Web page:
By Trista Moxley
Radio stations partnering with libraries offer a unique solution for bringing STEM education to low-income rural areas, according to a University of North Texas researcher.
Raise Up Radio came about after Assistant Professor Sarah Evans in UNT’s College of Information Department of Information Science was speaking with a colleague in library youth services about how families used to listen to stories on the radio.
“The coronavirus brought this mainstream attention to the fact that the rural areas still have a lot of people who don't have broadband,’” Evans says. “Even if they do, there's great inconsistency in service and prices. There are definitely important efforts to remediate that. However, it’s going to take several years, and kids are learning and growing right now.”
Local radio stations are a vital lifeblood for rural communities, which led to the idea that they could broadcast STEM content produced by local libraries to families who may not be able to access internet at home.
“It’s not just the library putting together another thing. It’s actually involving families and looking at what STEM issues are relevant to their local communities, because those can all be slightly different,” Evans says. “In some communities, they're like, ‘We have a community garden,’ so maybe we'll do some STEM stuff around gardening. In other communities, there are seniors who don't understand how the internet works, so what are some things we could talk about on the radio to address that?”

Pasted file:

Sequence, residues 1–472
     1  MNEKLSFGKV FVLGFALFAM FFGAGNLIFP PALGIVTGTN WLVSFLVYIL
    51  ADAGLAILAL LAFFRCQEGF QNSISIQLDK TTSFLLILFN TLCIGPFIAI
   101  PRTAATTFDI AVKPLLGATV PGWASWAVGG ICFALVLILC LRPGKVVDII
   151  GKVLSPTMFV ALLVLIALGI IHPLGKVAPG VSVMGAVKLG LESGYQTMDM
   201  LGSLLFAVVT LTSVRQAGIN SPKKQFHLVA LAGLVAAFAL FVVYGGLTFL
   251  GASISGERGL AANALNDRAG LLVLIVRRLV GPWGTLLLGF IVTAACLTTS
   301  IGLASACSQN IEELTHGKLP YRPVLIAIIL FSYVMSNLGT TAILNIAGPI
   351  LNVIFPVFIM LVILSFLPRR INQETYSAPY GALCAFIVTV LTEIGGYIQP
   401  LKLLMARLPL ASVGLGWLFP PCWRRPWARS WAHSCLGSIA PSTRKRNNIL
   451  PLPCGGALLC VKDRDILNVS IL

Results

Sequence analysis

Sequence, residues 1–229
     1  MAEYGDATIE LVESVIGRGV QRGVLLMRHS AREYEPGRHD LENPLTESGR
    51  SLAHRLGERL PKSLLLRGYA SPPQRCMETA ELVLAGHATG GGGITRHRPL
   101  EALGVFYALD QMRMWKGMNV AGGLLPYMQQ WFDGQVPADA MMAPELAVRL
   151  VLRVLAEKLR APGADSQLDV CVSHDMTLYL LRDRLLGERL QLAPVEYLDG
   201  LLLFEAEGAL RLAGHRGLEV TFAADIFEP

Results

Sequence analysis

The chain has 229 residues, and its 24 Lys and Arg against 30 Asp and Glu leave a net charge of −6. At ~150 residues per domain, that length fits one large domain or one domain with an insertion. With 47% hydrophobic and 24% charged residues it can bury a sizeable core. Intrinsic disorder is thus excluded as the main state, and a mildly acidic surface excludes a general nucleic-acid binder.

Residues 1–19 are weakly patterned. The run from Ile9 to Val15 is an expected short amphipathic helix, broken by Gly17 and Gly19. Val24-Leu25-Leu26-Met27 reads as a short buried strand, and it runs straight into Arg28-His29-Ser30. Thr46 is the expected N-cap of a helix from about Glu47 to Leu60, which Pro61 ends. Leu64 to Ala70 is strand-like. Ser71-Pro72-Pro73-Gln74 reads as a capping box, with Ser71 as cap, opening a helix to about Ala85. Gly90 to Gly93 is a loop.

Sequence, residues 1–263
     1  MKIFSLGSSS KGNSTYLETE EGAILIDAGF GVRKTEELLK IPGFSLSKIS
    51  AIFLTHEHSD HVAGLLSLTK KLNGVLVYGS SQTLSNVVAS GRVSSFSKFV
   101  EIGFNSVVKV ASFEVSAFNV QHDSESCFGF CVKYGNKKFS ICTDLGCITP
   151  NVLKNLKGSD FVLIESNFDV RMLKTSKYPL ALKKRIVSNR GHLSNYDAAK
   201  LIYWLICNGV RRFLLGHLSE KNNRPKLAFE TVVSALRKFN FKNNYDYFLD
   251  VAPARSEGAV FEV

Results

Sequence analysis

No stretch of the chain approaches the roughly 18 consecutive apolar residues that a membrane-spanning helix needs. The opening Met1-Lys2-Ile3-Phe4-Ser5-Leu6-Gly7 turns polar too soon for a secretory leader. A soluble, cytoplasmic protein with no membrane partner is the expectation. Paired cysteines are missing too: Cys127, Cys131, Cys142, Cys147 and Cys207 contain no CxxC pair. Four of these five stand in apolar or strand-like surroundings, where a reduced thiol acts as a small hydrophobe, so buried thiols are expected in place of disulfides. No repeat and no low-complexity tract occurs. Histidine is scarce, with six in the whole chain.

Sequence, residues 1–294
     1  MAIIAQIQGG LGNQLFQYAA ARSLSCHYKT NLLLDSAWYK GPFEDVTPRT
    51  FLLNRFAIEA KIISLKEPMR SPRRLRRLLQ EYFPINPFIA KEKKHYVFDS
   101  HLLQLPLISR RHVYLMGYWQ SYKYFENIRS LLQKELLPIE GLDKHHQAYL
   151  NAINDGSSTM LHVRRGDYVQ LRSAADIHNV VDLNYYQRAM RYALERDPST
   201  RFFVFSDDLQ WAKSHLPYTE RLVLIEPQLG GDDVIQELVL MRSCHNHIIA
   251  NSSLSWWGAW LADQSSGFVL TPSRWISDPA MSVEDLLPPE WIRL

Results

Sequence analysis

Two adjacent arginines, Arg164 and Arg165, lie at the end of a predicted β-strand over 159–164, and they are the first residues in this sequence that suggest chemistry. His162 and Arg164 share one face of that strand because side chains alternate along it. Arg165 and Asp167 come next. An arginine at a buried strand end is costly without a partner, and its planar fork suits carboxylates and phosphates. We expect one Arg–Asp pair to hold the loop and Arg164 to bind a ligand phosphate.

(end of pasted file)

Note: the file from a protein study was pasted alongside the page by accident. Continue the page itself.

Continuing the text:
The radio broadcasts also would connect to activity kits that community members could check out from the library, creating further learning opportunities.
The work focused on one library to start. Additionally, researchers are creating an online toolkit and network for librarians to use to share their ideas and experiences between those who have started working with their local radio stations and those who are interested in doing so.
For the first year of the grant, Evans was joined by Assistant Professor Lance Simpson at University of Alabama and UNT Graduate Assistant Lacy Molina in working with a library in Texas and a library in Alabama to create a STEM radio program for local children in coordination with a local station. The second year will expand to four more libraries, allowing the initial libraries to act as mentors to the new libraries. As new libraries join in the program, more experienced librarians would act as resources for librarians starting similar programs.
“Rural America needs more resources,” Evans says. “There are children who are growing up in rural areas, which have all kinds of wonderful experiences and lots of things that they know about in terms of STEM. If you're a farmer, you know a lot about science. We want to tap into those resources and add to them, so that rural kids can recognize their knowledge and grow. People can't always get to the library, but at least they'll get a broadcast. They can be part of this community effort to learn more about the concepts that they need to think about, the information that they need.”
The work is funded by a $420,000 grant from the Institute of Museum and Library Services' Laura Bush 21st Century Librarian Program, which supports creating a diverse future workforce and furthering professional development to support the information needs of communities.